CODA are pretty cool. Their tunes are catchy, despite there being no vocalist in the band. A fusion of orchestral strings, synthetic sounds and bass with the raddest xylophone player on the block and a wicked percussionist, their music seems like the soundtrack to an alternate reality, without being so ‘out there’ that it excludes the listener from the experience.
This was the second time I saw CODA live, the first time was at the Great Escape festival over Easter. Both shows were equally enjoyable, but I especially loved the lavish stage decorations at the Enmore gig. Rainbow glowing jellyfish were suspended from the rafters and large translucent banners bearing abstract drawings of ocean life filled the stage. And CODA themselves are always a visual spectacle, especially frontwoman Naomi Radam who is always decked out with a kooky hairstyle or zany hat and an outfit to match. Tonight she had bouffant red pigtails with a white and backless dress, that seemed to be made of many pockets, with space boots. At the Great Escape she was donning a large orange sparkly turban style hat.
You can tell that these guys are true musicians, and are highly trained. They have worked hard to get to where they are, and they haven’t just been belting out chords in the garden shed, hoping to get by on a catchy riff and a few choice lyrics. To gain a following while playing instrumental chamber pop (though they are not solely pop artists by any means) is not an easy feat, but these guys are doing well for themselves and are about to embark on an overseas tour.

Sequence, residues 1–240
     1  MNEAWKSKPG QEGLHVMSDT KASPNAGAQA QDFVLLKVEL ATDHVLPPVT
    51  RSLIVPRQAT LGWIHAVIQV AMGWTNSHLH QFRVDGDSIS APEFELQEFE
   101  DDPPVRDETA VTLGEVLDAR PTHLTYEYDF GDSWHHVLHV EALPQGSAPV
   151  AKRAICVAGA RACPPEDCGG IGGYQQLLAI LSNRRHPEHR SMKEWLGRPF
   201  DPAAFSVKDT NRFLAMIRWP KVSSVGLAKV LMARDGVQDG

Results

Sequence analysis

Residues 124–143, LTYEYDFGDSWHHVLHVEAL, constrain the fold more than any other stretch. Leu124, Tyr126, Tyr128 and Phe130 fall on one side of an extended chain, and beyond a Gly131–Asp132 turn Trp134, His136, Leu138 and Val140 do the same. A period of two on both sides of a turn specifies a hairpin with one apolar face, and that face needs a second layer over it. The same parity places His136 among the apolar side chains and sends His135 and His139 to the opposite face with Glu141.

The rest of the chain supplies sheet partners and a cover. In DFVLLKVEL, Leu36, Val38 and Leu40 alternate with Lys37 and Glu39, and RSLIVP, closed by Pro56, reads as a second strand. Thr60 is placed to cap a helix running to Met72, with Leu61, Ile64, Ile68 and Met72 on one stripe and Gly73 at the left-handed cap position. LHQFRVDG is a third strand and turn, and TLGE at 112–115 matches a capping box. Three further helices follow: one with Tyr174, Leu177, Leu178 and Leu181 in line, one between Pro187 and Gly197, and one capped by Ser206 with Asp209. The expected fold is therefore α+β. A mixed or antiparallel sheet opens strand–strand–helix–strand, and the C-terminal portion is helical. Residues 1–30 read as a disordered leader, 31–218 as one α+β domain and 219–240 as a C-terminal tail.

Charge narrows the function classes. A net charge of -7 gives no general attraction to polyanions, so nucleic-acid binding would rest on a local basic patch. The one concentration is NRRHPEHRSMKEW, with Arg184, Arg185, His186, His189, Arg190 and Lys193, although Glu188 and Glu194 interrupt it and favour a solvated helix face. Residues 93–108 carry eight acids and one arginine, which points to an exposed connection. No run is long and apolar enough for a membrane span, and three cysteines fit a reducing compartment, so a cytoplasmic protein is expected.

CODA blend rock, electronica, world beats and classical sounds together to create songs that are often whimsical, but often also have furious and determined interludes. Some sound salsa like, some sound like gritty electronica, some have rock riffs, but classifying the genre of CODA is no easy task. Experimental, but drawing on tradition at the same time, CODA manage to keep a diverse sound without having to rely on lyrics.
In fact, when it was mentioned at the concert that CODA were searching for a singer to join the group for some of their new work, the audience reaction was one of shock and horror. Boos were even heard in response to this suggestion. I for one would be interested to see what adding vocals to the mix can do for this band… if it’s done right, that could even be the catalyst that pushes them out of Sydney’s indie scene and in to the mainstream.